Mother Jones Nominated for WPA Magazine Awards

The Western Publications Association has announced this year's finalists for its annual Maggie Awards and Mother Jones has nabbed two. Chuck Bowden's tour de force, Exodus, which takes the reader deep inside the immigration debate in a way only Bowden, who has lived and worked on both sides of the line for decades, can, is up for Best Feature Article. And our entire September/October issue, featuring our Lie by Lie timeline, is a nominee in the Politics & Social Issues category. Winners of the 56th annual awards will be announced April 27th.

Newsweek Feeds My Huckabee Love Affair

If you read the blog yesterday, you know that I'm pushing for a Hagel-Huckabee Republican ticket. I think it makes a ton of sense for the conservative base, but it also sounds awesome and has a great odd couple feel to it. But these two have a lot of work to do if they're going make my wishes come true. Huckabee's working on it; he's got an interview in Newsweek that should increase his name recognition a little bit.

Here's a tidbit that should be familiar to regular MoJoBlog readers:

Q: What do you make of candidates like Giuliani, Romney and McCain — all of whom have moved to the right on social issues?
A: The first thing is: imitation is the most serious form of flattery. Some are having a late adult moment to come to a position I've held since I've been a teenager. Voters will have to determine if they're seeing the politics of conviction or convenience.

ZING! Huckabee comes out swinging!

He's going to have to work on his global warming talking points, though. First of all, he's got to do some research. You'll see what I mean below. Second of all, he's got to respond to questions like this with a little more clarity.

Q: But do you believe there's a human role in climate change?
A: There may be. But whether there is or there isn't, it doesn't release us from the responsibility to be good stewards of the environment. It's the old boy scout rule: you leave your campsite in as good or better shape than how you found it. It's a spiritual issue. [The earth] belongs to God. I have no right to destroy it. I think we work toward alternative energy sources. [We need to make it] like the Manhattan Project or going to the moon. We need to accelerate our energy independence.

Maybe this response is about Huckabee having his cake and eating it too. He wants to appeal to the (crazy and uninformed) portion of the Republican base that still doesn't believe global warming exists and resents the growing Al Gore-led environmentalist crowd that screams bloody murder over the issue (and demands lifestyle changes from them). At the same time, he also wants to appeal to the new and growing green evangelical movement. Whatever the case may be, as the campaign goes along Huckabee's going to have to make that response a more elegant one.

There's also a moment in the interview when Huckabee won't say whether or not he supports letting women preach in Christian churches and a heartfelt plea about retaining music and art programs in schools. And a series of questions about how fat he used to be. So, uh, yeah, there's lots of work to be done on Huckabee '08. How about some vision, buddy? And how can you go through a five-page interview and not mention your life story, or anything about who you are as a person? C'mon, Huckabee! Don't let me down!

The Senate Judiciary Committee, which is heading an investigation into the recent quick and dirty cleansing of 8 -- and maybe 9 -- U.S. Attorneys, will vote today on whether to subpoena five DOJ officials if they fail to appear. Those officials include the chiefs of staff for both U.S. Attornery General Alberto Gonzales and Deputy Attorney General Paul McNulty (Kyle Sampson and Mike Elston, respectively), acting Associate Attorney General William Mercer, Director of the Executive Office of the United States Attorney Michael Battle (who has just resigned), and the Justice Department's White House liaison, Monica Goodling. During a marathon of hearings before the House and Senate this past Tuesday, the testimony by six of the U.S. Attorneys incriminated these officials. TPMmuckraker has a good rundown on their alleged involvement in the firings. For Mojo coverage of the senate hearing on Tuesday and further developments, click here, here and here.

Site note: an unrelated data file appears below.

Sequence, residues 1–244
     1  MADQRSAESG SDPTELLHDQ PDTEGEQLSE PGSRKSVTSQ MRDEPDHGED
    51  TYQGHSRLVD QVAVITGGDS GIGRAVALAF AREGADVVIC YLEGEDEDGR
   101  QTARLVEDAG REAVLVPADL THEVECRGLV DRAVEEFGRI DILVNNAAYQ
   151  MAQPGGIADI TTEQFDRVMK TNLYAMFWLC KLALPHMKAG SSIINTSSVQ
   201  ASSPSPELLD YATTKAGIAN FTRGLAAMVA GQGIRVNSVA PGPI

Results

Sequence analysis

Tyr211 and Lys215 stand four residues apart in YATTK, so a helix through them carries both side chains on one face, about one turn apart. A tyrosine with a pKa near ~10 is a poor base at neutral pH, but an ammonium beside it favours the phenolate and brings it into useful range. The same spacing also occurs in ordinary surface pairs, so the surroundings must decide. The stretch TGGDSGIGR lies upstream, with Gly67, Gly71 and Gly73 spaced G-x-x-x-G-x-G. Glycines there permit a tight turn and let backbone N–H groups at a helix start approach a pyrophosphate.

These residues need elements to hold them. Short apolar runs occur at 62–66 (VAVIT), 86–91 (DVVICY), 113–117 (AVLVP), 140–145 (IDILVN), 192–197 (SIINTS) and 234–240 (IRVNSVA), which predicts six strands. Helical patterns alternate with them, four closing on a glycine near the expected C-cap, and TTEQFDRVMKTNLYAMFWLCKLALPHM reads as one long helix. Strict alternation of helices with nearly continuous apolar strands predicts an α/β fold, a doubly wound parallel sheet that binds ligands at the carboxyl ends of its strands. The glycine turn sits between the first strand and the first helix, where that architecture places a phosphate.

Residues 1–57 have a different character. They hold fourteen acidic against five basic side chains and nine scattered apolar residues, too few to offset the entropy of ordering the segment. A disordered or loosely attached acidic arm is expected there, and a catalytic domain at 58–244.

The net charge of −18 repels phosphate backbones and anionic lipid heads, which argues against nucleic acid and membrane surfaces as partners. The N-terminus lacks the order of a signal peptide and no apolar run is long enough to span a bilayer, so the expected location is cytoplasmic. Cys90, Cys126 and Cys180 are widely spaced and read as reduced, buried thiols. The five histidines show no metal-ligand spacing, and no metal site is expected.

No Child Left Behind? Iraqi Edition

Yesterday's Jordan Times adds another whopper to the myriad of bad news coming out of Iraq. Apparently, few of the estimated 172,000 to 230,000 school-aged Iraq War refugees living Jordan are enrolled in school. Those children, many of whom are from middle class Iraqi families, lack the proper residency status to qualify for public school, and their families lack the finances to enroll their children in private institutions. As a result, over a hundred thousand Iraqi children have been out of school for as many as 4 years now--and that's just counting those in Jordan. Musa Shteiwi, a sociology professor at the University of Jordan notes:

"Violating children's rights to an education can have short- and long-term effects on their chances in life. They could turn to other things like begging, illegal employment and leading delinquent lives," Shteiwi told The Jordan Times.

The sociologist, who is director of the Jordan Centre for Social Research, added that the long term impact on Jordanian society may not be significant if the Iraqis are no longer here in a few years, but a short term impact is imminent and would add to social problems in the Kingdom.

What about the impact on Iraqi society? An estimated 40% of educated middle class Iraqis have fled since the invasion. Who will replace them in a future (free?) Iraq?

An Online Forum for Sexual Harrassment

UPenn law student Anthony Ciolli and insurance agent Jarret Cohen run a forum that promotes sexual harassment of law students. Women's pictures are posted without their consent, and they refuse to censor anonymous slander and hate speech. The defamation probably cost one woman a job. So if you have personal information about these two, post it right here. Personality quirks, sexual issues, insecurities large and small—get creative. Doesn't have to be true. Hey—It's freedom of speech! Because of the First Amendment, no one has any moral accountability for anything said.

Dear GOP, You are Not the Party of Lincoln